"I switched from combustible cigarettes to flavors. they tasted better more appetizing to use and more enjoyable.  Ultimately the studies are showing that no more than 5 percent of long term health effects that's what got me to switch from combustible cigarettes personally,” said Ken Gregory, owner of Bad Drip Labs. 

According to Gregory, his business isn’t about getting teens to use their products.  He added the industry is made for adults and teens shouldn’t be vaping. 

Read More: URMC Study reveals uptake of Vaping flavors among teenagers - Dr. Rahman Interviewed by Channel 8

New Study Links Electronic Cigarettes and Wheezing in Adults

Thursday, February 28, 2019

Electronic cigarette use (“vaping”) is associated with wheezing in adults, according to a new study published in the journal Tobacco Control. People who vaped were nearly twice as likely to experience wheezing compared to people who didn’t regularly use tobacco products. Wheezing, which is caused by narrowed or abnormal airways, is often a precursor to other serious health conditions such as emphysema, gastro-esophageal reflux disease, heart failure, lung cancer and sleep apnea.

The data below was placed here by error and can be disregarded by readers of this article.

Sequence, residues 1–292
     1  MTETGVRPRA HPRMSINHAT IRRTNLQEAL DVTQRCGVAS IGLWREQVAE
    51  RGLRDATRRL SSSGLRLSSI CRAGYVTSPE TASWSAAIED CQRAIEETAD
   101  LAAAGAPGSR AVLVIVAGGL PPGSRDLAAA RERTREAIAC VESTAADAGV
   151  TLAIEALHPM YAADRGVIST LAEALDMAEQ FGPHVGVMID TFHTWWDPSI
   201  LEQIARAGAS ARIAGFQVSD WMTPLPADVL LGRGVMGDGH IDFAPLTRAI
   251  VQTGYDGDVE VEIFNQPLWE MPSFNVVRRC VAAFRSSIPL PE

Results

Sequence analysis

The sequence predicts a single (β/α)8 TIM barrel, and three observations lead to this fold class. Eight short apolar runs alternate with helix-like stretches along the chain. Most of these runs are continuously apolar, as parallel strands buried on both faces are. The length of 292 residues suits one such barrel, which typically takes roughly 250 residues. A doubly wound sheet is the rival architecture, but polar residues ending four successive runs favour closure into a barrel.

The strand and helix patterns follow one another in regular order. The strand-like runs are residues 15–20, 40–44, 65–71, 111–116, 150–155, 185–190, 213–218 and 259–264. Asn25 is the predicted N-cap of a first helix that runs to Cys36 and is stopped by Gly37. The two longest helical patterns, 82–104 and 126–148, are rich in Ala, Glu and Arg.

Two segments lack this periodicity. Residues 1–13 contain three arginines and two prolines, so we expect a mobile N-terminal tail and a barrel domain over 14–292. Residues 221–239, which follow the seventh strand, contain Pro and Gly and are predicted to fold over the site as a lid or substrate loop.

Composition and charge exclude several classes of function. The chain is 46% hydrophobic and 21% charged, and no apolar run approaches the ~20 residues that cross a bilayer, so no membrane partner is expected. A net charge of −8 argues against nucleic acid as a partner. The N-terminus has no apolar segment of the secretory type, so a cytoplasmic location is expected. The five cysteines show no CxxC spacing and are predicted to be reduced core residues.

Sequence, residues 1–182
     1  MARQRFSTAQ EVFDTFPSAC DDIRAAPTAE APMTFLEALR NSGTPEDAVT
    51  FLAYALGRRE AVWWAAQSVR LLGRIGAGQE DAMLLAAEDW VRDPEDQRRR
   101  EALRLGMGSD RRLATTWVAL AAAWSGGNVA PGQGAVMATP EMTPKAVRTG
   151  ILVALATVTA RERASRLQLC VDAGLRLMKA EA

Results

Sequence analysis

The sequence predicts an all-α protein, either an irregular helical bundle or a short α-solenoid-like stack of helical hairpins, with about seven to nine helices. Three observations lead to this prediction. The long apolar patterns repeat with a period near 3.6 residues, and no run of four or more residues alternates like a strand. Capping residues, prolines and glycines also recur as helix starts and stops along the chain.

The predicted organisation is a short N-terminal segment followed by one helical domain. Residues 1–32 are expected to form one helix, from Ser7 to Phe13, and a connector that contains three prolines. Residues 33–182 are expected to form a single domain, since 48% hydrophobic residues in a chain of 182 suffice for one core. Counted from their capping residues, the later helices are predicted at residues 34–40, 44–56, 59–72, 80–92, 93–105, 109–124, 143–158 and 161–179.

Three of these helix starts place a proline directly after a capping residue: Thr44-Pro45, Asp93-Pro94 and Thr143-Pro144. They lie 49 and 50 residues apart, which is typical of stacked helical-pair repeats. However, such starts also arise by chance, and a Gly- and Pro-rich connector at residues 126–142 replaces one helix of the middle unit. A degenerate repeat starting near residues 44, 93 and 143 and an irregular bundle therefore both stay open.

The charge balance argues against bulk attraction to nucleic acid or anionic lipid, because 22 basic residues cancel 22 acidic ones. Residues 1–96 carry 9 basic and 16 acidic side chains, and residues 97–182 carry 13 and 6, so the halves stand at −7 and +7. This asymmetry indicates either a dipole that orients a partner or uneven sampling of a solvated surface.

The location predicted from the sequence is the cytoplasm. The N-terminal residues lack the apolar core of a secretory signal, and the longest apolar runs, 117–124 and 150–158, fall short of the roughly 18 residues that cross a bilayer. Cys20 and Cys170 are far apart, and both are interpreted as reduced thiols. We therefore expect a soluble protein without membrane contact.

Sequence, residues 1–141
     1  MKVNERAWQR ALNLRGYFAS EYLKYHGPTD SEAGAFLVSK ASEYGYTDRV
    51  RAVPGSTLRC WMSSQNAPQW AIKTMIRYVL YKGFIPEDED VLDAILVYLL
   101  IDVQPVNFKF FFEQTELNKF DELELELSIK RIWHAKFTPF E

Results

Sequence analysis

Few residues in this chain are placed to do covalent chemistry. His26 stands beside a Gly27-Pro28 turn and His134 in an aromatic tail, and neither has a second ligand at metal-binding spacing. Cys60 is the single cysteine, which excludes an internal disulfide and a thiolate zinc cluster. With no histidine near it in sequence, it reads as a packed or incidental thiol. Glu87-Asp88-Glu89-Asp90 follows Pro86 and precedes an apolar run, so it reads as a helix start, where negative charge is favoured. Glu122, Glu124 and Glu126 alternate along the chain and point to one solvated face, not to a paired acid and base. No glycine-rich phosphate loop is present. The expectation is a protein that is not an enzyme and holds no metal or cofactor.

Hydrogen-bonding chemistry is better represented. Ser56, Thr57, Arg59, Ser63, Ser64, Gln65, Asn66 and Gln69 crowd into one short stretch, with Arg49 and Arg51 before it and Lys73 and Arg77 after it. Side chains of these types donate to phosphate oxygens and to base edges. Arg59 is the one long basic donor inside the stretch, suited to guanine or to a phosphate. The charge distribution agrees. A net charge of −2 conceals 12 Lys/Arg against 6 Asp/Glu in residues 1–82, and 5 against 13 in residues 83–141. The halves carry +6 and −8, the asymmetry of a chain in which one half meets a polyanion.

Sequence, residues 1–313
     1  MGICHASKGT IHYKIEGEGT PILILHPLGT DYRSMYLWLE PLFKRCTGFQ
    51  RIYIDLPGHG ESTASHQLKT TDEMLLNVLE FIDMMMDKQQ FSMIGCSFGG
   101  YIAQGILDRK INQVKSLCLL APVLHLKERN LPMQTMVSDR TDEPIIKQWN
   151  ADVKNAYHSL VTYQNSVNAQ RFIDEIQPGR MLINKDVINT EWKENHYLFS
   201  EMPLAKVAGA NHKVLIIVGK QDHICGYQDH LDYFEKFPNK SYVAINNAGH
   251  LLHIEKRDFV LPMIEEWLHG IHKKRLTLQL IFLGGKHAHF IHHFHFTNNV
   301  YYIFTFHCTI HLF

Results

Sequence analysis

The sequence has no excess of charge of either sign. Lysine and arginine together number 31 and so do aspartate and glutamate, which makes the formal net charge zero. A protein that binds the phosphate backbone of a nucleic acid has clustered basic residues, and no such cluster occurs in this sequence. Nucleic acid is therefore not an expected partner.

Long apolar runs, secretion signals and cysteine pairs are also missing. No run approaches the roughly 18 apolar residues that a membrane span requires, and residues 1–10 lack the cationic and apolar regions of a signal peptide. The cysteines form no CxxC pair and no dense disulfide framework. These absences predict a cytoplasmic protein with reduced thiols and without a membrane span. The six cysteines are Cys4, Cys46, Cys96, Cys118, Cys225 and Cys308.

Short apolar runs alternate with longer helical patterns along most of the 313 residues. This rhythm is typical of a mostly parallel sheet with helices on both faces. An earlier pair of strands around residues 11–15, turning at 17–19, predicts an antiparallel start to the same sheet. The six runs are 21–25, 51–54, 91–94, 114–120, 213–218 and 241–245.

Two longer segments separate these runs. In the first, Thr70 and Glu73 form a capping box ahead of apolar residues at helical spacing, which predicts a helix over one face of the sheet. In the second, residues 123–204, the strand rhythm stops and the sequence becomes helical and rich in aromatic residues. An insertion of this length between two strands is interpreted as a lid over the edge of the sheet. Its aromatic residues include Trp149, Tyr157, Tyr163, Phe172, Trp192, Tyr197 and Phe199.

“The take-home message is that electronic cigarettes are not safe when it comes to lung health,” says Ossip, a tobacco research expert and professor in the Department of Public Health Sciences at the University of Rochester Medical Center (URMC). “The changes we’re seeing with vaping, both in laboratory experiments and studies of people who vape, are consistent with early signs of lung damage, which is very worrisome.”

Researchers from URMC analyzed data from more than 28,000 adults in the U.S. who took part in the Population Assessment of Tobacco and Health (PATH) study. After adjusting for age, gender, race/ethnicity, body mass index, secondhand smoke exposure and other factors, adult vapers were 1.7 times more likely to experience wheezing and related respiratory symptoms (such as difficulty breathing) compared to non-users.